A well known SLM used for large bright electronic displays is the Eidophor, a system which uses an electrostatically dimpled oil film as the active optical element. See, E. Baumann, The Fischer large-screen projection system (Eidophor), 20 J. SMPTE 351 (1953). In this system a continuous oil film is scanned in raster fashion with an electron beam that is modulated so as to create a spatially periodic distribution of deposited charge within each resolvable pixel area on the oil film. This charge distribution results in the creation of a phase grating within each pixel by virtue of the electrostatic attraction between the oil film surface and the supporting substrate, which is maintained at constant potential. This attractive force causes the surface of the film to deform by an amount proportional to the quantity of deposited charge. The modulated oil film is illuminated with spatially coherent light from a xenon arc lamp. Light incident to modulated pixels on the oil film is diffracted by the local phase gratings into a discrete set of regularly spaced orders which are made to fall on a schliren stop consisting of a periodic array of alternating clear and opaque bars by part of the optical system. The spacing of the schlieren stop bars is chosen to match the spacing of the diffracted signal orders at the stop plane so that high optical throughput efficiency is achieved. Light that is incident to unmodulated regions of the light valve is blocked from reaching the projection lens by the opaque bars of the schlieren stop. Images formed of unmodulated areas on the light valve by the schlieren imaging system on the projection screen are therefore dark, while the phase perturbations introduced by the modulated electron beam are converted into bright spots of light at the screen by the schlieren projector. In spite of numerous technical difficulties associated with oil polymerization by electron bombardment and organic vapor contamination of the cathode, this type of oil-film system has been successfully developed to the point that it is the almost universally used system for a total light requirement of thousands of lumens at the screen. However, such systems are expensive, bulky, and have short-lived components.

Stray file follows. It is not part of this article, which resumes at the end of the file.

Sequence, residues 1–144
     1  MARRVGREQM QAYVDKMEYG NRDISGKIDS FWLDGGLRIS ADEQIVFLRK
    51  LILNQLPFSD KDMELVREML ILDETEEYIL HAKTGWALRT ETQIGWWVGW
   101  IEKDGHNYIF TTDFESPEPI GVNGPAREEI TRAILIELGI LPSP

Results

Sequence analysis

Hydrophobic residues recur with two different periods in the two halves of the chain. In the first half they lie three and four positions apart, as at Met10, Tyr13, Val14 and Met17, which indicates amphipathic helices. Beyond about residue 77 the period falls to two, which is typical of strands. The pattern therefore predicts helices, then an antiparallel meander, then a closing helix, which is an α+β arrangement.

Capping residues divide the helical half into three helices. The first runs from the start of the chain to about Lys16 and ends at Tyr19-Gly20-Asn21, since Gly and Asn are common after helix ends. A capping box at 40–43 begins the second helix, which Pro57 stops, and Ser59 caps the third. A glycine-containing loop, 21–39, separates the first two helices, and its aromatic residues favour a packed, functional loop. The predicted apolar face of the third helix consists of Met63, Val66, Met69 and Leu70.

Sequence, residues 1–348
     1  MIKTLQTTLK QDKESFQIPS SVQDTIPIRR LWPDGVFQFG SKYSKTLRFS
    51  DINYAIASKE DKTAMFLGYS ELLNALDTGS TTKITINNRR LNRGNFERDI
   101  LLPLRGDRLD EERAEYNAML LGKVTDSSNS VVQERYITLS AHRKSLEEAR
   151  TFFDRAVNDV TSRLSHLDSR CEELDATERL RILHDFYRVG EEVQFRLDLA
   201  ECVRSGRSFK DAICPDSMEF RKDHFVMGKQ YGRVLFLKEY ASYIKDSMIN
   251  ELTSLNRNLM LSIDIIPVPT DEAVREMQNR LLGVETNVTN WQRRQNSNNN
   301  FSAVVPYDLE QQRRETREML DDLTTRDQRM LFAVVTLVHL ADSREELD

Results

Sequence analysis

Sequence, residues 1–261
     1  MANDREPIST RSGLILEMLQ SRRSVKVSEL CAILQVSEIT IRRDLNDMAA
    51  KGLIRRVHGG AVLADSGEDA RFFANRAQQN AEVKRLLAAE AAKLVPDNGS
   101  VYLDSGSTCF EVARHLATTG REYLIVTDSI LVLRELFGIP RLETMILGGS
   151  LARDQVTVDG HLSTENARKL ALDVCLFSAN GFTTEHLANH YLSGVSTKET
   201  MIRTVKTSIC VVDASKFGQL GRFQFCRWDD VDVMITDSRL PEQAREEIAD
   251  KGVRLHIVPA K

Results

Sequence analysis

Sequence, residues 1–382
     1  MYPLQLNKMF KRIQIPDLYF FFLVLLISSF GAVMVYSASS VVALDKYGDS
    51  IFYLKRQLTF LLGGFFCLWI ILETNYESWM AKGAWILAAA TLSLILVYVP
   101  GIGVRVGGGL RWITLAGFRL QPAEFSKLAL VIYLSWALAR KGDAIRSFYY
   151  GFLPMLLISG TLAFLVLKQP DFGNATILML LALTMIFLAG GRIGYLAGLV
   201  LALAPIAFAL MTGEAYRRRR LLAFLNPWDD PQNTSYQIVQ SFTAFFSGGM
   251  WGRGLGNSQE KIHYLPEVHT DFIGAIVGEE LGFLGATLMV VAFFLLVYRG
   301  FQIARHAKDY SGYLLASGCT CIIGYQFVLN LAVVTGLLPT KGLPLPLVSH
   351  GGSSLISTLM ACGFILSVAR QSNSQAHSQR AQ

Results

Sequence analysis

A number of non-oil-film SLMs have also been developed and include deflectable element types, rotation of plane of polarization types, and light scattering types. These SLM types employ various effects such as deformation of reflective layers of metal, elastomer, or elastomer-photoconductor, and polarization and scattering of ferroelectrics, PLZT ceramics, and liquid crystals. For example, R. Sprague et al, Linear total internal reflection spatial light modulator for laser printing, 299 Proc. SPIE 68 (1981) and W. Turner and R. Sprague, Integrated total internal reflection (TIR) spatial light modulator for laser printing, 299 Proc. SPIE 76 (1982) and U.S. Pat. No. 4,380,373 describe a system for non-impact printing on a photosensitive medium in which laser light is formed into a line of illumination and passed through a linear array of light modulators and then imaged onto the photosensitive medium. The array is implemented as a total internal reflection spatial light modulator with the electrodes and drive electronics fabricated on an integrated drive element which is placed against the total reflection surface of an electrooptic crystal such as lithium niobate. The localized change in index of refraction produced by the fringing field between each two electrodes is read out with schlieren readout optics which image the TIR interface onto the photosensitive medium. This is a one dimensional image, and the photosensitive medium is rotated on a drum beneath the image of the linear array to generate the two dimensional image (e.g., a page of text) for printing applications. However, the SLM (light valve) is highly susceptible to fabrication problems due to its hybrid nature. The fringing field strength, and hence the amount of light diffracted from modulated pixels, is sensitive to changes in the air gap thickness between the address electrodes and the electrooptic crystal surface of less than one tenth micron. Thus, even very small particles trapped between the crystal and electrode structure could cause illumination nonuniformity problems at the photosensitive medium. The system optical response for pixels located at the boundary between modulated and unmodulated areas of the light valve is also significantly lower than the response for pixels near the middle of a modulated region due to the nature of the addressing technique. A commercially available printer based on this technology has not been introduced to date.
M. Little et al., CCD-Addressed Liquid Crystal Light Valve, Proc. SID Symp. 250 (April 1982) describes a SLM with a CCD area array on the front side of a silicon chip and a liquid crystal array on the backside of the chip. Charge is input into the CCD until a complete frame of analog charge data has been loaded; the charge is then dumped to the backside of the chip where it modulates the liquid crystal. This device suffers from severe fixed pattern noise as well as resolution degradation due to the charge spreading from the front-to-back transfer.